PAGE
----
I'm trying to interface with a Broadcom AFBR-S50MV85G ToF sensor over SPI using an Arduino, which is complicated by the fact that the provided library and reference application is written for Cortex M0-based NXP microcontrollers. The documentation says that implementing the SPI, IRQ, Debug and Timer interfaces would allow use with other platforms, but it doesn't explicitly state which functions require implementations, or if all of them do, and it's not demarcated within the source code either.

The documentation lists the available command words, but no register addresses, which I believe are used by the platform-independent compiled libraries that come with it. This leaves me with no way to interface manually over SPI, meaning that my only choice appears to be to attempt to implement the platform drivers myself, which will probably take me a significant amount of time.

Is there something else I should try before sinking time into something that may not give me results? Has anyone here used this sensor before, and if so, could you point me in the right direction?

P.S.: The documentation I'm referring to is included in the SDK provided in the downloads section of the product page, and I'm not sure I'd be allowed to rehost it somewhere else in order to link it here.

  • 1
    Welcome to the wonderful world of Broadcom. Unless you're a multi-billion dollar global technology giant, you won't get **** out of them. And then only with multiple layers of NDAs.
    – Majenko
    Aug 1 '19 at 9:53
  • @Majenko Yeah, I'm starting to realize that after trying to contact them directly. I couldn't get anything out of them - I tried going through Digi-Key, and even they got stonewalled. :/
    – Joseph
    Aug 1 '19 at 10:01
  • Eben Upton had the same problem with the Pi. That's why graphics on the Pi are so crap - Broadcom won't give anyone the information they need to use the GPU. And he works for Broadcom! Everything on the Pi has basically been reverse engineered from other sources. Broadcom are dicks.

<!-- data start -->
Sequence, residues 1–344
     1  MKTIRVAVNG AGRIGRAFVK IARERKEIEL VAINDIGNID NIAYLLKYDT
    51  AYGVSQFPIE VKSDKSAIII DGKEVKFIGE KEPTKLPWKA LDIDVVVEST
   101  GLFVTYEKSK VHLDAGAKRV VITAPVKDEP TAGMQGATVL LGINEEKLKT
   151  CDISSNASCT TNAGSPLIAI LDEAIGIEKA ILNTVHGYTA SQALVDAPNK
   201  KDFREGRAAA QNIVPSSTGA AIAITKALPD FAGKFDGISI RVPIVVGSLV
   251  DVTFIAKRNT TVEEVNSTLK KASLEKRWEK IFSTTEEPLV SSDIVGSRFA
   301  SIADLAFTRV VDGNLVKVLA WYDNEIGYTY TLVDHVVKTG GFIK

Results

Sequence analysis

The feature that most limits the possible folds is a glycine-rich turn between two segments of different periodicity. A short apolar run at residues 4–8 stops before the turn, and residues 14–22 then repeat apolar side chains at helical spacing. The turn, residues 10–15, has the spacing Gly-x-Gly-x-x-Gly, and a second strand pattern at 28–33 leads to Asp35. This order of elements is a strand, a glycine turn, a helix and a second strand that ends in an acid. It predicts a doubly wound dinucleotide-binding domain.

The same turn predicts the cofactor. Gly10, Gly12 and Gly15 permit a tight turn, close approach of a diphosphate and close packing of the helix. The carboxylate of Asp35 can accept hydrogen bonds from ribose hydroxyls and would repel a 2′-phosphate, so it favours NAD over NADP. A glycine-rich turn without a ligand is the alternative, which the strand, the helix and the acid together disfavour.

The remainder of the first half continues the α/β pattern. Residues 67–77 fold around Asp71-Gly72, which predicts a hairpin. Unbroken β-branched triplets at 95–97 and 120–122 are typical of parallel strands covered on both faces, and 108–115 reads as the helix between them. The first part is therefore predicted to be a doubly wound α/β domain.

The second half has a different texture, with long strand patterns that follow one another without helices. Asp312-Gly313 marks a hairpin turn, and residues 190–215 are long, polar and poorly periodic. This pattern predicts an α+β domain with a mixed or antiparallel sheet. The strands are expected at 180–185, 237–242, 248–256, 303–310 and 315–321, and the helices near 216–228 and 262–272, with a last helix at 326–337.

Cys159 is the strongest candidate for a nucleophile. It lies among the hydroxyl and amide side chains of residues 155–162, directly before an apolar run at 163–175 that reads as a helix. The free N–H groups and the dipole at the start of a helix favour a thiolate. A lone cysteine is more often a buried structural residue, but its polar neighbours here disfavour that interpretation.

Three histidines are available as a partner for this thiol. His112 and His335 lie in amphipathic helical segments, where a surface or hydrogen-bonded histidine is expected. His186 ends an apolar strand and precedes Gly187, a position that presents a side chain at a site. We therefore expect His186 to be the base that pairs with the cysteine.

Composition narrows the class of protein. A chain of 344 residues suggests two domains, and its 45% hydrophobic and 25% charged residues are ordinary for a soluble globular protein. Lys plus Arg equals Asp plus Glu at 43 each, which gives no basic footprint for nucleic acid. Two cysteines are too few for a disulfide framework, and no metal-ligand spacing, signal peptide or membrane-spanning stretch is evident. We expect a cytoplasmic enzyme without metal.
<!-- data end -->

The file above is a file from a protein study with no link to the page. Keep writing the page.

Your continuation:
– Majenko
    Aug 1 '19 at 10:03
  • @Majenko Wow, that's incredible, did not know that. Clears up a lot, actually. sigh Hopefully someone else has made the same mistake I did and had better luck.
    – Joseph
    Aug 1 '19 at 11:52

I recently looked into this again, and it turns out that Broadcom had released a porting guide for this library in August 2020 (nearly a year after I originally posted this question) that should prove useful to anyone trying to make use of this sensor. It's for the STM32 platform, not Arduino, but it's the most detail Broadcom has provided with regards to this product, and should provide a starting point at least.

I happen to have access to the Nucleo board used in the guide, but I had some issues with following it in some cases due to some differences in the SDK file/directory structure. I did eventually get a passing build out of it, but couldn't get anything out of the sensor itself, which means that I either did something wrong, or had damaged the sensor in my earlier attempts to interface with it; at the time of my last attempt, I was leaning towards the latter. I don't think I'll be revisiting this unit any time soon, so hopefully others will have better luck. And if anyone does get it working, please do report back; I'm curious to know if I'd actually be able to use this thing if I were to buy another one.

P.S: I'm not marking this as answered because a) my question was technically for the Arduino, and b) I haven't been able to confirm that this is working.

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